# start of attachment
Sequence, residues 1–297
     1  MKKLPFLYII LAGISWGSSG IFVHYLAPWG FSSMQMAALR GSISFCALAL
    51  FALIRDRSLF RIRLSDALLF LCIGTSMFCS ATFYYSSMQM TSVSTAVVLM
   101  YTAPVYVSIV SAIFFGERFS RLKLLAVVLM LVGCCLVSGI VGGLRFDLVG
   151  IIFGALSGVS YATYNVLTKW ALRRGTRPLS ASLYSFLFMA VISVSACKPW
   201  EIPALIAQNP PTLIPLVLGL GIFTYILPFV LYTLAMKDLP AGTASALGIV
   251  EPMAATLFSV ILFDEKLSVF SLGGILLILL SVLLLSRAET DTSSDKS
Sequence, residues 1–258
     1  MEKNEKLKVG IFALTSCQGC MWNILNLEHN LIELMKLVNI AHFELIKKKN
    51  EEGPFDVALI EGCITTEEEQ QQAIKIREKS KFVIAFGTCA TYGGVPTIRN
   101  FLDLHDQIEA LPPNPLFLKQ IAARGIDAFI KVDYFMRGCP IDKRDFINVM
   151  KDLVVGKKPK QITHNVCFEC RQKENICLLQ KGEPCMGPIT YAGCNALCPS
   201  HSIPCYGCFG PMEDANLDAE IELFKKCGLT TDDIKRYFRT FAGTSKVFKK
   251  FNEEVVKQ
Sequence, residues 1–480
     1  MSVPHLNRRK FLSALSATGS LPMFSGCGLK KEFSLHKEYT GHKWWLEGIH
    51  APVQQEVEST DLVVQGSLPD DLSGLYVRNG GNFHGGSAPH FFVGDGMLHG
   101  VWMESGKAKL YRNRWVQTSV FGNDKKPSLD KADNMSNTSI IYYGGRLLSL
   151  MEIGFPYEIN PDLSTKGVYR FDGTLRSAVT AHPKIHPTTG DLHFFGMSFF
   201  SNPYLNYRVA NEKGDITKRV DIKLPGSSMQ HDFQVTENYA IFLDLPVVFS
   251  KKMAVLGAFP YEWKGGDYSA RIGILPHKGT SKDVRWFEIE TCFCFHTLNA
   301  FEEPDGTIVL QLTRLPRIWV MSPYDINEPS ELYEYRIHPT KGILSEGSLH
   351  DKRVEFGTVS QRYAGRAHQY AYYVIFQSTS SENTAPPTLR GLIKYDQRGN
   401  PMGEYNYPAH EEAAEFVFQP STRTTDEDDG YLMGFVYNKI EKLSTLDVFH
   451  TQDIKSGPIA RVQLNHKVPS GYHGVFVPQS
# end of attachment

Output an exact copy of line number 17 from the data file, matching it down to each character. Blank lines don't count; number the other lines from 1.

    51  APVQQEVEST DLVVQGSLPD DLSGLYVRNG GNFHGGSAPH FFVGDGMLHG